Sociological Perspective In William Carlos Williams The Use Of Force

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In "The Use of Force", by William Carlos Williams, one can induce a sociological perspective in response to the scrutinizing of the relationship between a doctor and his patient. The tale describes the visit of a doctor to a family home, and upon his stay, he is met by Mathilda Olson, a young girl determined in making the doctor's task of diagnosing her go uncompleted. Throughout the account, the doctor, kept nameless throughout the story's telling, is shown to have the most power within the setting of the narrative.One such instance of this, was when upon his arrival, the parents of the patient almost immediately delegates their power over the situation to him. This is supported when the doctor motions the father not to bother standing up to greet him; a gesture that greatly diminishes the parent's role as…show more content…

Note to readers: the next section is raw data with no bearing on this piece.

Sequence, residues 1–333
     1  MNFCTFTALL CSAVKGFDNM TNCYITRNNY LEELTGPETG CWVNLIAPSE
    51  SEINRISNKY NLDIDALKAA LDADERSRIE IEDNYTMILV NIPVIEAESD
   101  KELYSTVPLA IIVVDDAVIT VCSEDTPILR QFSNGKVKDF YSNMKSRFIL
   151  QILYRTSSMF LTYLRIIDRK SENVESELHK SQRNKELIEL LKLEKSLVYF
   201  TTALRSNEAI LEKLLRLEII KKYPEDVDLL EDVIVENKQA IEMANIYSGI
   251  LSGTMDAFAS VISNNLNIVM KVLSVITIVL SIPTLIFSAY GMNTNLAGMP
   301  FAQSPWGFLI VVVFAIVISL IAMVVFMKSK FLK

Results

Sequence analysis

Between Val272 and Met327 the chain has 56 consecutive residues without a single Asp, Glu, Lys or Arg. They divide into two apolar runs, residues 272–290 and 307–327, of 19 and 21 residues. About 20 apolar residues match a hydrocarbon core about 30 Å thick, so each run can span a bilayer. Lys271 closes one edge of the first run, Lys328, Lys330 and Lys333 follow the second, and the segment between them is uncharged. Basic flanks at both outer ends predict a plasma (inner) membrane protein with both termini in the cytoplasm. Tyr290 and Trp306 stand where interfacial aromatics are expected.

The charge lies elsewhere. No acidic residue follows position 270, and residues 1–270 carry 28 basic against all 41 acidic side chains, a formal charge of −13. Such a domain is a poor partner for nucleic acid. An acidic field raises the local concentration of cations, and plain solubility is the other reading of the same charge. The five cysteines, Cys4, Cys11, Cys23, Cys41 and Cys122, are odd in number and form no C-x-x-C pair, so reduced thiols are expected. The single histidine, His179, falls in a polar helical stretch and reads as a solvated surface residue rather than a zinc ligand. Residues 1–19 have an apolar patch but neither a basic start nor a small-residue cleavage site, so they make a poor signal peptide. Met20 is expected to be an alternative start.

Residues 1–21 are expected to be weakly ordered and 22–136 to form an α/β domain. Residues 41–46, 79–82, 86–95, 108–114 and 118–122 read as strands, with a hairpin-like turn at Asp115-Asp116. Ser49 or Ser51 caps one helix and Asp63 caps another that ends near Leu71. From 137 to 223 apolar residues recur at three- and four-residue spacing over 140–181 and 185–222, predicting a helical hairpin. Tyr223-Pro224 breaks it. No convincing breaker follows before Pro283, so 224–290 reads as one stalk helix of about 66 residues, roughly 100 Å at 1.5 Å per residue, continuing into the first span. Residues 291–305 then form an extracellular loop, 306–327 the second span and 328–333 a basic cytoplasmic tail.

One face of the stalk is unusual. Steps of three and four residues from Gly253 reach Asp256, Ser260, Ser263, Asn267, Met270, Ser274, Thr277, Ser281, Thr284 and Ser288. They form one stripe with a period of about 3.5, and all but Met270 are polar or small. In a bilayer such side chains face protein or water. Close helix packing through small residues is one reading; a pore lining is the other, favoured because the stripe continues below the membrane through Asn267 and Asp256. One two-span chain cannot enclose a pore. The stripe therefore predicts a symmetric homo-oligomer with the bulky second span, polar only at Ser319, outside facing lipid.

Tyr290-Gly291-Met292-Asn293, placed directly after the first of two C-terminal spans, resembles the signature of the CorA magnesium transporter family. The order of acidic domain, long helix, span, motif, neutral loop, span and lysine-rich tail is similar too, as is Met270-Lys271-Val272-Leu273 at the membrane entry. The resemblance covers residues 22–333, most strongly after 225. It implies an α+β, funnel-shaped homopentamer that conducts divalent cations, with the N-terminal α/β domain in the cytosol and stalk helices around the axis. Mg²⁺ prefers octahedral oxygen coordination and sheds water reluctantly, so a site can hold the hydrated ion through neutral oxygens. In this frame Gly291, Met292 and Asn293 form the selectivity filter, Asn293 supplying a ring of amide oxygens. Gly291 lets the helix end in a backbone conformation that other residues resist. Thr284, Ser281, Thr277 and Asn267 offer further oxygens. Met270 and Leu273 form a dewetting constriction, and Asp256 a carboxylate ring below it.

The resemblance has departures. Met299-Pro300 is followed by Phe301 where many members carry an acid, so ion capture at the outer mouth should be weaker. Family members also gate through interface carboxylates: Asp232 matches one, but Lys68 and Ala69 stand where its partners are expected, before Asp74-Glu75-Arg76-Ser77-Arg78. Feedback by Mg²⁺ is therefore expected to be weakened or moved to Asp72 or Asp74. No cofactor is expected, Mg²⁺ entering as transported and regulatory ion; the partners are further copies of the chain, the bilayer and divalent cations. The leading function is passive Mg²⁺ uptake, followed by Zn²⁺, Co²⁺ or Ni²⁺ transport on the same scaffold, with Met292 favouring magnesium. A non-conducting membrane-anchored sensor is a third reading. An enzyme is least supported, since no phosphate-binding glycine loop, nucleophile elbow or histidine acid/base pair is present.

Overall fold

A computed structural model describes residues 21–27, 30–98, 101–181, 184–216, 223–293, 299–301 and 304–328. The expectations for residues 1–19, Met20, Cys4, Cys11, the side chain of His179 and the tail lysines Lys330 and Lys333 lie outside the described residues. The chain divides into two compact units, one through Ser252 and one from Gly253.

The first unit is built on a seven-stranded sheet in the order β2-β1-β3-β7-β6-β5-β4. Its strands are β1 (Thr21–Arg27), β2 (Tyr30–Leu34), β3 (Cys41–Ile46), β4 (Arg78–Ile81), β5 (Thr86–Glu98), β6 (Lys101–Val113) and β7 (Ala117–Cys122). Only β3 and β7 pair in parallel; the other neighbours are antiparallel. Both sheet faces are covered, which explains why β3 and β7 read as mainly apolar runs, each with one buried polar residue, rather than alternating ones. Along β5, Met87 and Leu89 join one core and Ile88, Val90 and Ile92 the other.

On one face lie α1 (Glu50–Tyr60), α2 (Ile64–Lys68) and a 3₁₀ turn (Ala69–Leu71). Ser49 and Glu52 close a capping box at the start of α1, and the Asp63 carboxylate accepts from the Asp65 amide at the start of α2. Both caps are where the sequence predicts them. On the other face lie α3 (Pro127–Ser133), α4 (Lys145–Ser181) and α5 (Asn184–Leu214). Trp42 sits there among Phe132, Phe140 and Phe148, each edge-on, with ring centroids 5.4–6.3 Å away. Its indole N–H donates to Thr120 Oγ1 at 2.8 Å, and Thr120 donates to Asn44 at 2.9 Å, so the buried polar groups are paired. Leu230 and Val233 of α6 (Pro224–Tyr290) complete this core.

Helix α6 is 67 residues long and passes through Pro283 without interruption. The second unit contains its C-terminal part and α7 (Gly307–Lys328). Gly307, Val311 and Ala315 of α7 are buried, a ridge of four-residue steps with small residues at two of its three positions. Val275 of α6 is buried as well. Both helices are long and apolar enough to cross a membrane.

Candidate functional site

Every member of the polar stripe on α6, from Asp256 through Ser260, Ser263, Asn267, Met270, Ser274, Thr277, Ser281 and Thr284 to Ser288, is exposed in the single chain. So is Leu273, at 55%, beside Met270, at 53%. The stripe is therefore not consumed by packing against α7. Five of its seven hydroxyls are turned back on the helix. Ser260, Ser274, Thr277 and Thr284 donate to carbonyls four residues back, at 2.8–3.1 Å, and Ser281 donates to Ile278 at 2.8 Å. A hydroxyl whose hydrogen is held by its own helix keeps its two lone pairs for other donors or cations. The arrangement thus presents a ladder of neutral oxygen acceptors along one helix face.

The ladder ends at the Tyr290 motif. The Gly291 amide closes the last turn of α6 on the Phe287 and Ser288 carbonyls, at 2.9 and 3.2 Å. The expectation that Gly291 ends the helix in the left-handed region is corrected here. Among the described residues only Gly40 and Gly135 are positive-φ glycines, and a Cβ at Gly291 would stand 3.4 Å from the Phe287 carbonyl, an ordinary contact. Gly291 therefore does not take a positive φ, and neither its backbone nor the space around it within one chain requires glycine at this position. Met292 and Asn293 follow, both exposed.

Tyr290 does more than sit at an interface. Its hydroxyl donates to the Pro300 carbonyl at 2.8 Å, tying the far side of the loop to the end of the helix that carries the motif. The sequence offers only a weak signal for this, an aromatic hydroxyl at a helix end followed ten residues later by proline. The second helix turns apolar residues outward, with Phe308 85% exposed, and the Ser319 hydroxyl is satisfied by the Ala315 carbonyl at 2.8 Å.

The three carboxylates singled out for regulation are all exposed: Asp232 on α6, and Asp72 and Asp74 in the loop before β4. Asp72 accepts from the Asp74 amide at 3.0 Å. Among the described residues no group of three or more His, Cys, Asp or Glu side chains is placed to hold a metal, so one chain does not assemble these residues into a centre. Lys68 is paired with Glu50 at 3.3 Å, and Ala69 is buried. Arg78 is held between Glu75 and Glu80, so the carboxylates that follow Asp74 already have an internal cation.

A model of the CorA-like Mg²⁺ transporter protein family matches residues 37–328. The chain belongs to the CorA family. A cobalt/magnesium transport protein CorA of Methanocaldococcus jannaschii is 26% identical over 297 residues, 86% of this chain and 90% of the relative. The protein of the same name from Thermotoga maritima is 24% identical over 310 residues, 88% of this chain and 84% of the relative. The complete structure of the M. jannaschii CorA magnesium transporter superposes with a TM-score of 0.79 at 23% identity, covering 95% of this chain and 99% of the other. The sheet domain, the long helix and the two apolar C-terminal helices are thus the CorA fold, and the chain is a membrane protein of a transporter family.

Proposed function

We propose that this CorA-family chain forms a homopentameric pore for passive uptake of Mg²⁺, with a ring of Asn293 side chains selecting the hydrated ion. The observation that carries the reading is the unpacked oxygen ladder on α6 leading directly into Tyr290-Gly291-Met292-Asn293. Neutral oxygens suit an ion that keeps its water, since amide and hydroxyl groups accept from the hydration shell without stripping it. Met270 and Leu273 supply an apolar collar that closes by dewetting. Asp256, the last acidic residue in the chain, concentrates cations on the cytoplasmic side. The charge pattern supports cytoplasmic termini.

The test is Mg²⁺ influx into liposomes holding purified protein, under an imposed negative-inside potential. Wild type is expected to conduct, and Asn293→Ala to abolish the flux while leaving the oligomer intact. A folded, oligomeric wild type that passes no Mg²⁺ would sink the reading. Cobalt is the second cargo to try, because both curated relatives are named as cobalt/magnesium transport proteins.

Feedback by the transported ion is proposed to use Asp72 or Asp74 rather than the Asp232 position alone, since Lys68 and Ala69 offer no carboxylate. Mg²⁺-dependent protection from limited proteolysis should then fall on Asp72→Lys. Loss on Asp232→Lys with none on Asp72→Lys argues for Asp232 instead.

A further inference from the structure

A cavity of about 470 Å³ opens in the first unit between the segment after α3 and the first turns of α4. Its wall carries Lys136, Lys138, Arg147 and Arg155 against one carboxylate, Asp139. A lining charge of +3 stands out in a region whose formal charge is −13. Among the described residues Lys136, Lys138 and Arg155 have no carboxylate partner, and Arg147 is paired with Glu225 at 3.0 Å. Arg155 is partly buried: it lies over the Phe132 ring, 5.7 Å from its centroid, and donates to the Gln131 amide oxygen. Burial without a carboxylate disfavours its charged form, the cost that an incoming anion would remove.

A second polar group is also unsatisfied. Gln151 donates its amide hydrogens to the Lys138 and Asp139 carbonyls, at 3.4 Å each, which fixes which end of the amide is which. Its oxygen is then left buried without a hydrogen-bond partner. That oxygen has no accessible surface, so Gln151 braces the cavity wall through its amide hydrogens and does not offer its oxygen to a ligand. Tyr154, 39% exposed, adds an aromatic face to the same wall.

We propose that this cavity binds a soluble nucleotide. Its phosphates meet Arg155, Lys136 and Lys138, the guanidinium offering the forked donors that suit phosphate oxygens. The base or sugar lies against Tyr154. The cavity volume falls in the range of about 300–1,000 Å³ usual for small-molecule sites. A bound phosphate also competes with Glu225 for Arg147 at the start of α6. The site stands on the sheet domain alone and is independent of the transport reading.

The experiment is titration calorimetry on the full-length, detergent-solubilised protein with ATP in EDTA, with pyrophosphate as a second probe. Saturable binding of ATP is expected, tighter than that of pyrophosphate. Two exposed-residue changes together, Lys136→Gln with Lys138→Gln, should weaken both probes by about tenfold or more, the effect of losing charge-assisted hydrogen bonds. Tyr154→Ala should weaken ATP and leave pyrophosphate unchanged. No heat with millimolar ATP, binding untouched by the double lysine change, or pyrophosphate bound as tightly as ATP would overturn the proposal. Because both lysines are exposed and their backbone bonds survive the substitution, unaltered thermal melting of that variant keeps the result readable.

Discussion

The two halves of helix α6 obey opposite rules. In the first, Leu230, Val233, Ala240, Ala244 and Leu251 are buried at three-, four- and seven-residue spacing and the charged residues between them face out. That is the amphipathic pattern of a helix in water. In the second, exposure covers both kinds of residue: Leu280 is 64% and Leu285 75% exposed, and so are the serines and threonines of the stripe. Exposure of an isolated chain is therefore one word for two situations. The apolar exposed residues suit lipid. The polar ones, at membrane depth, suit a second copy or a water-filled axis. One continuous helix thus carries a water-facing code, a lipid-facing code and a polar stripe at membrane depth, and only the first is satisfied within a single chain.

Lastly, one might come to the conclusion that no such power was handed to the doctor at all, due to Mathilda's defiance, but contrary to that notion, her defiance only further proves the original argument. In a regular situation between a doctor and his patiant, the power of control would be delegated to the doctor, but due to Mathilda's resistance, the archetypal doctor, quite so in a literal sense, retained dominance over her through means of physical force. This was acceptable to her parents because society promotes the idea of giving the care of one's family over to a professional when in dire circumstances. This allowed the doctor to do the very things he did to her because to society, such things were acceptable due to the doctor's legitamized right to diagnose her. In culmination, the short story relates the notion that in society, power is given to the doctor because of the legitimalization of his right to define the reality of the medical
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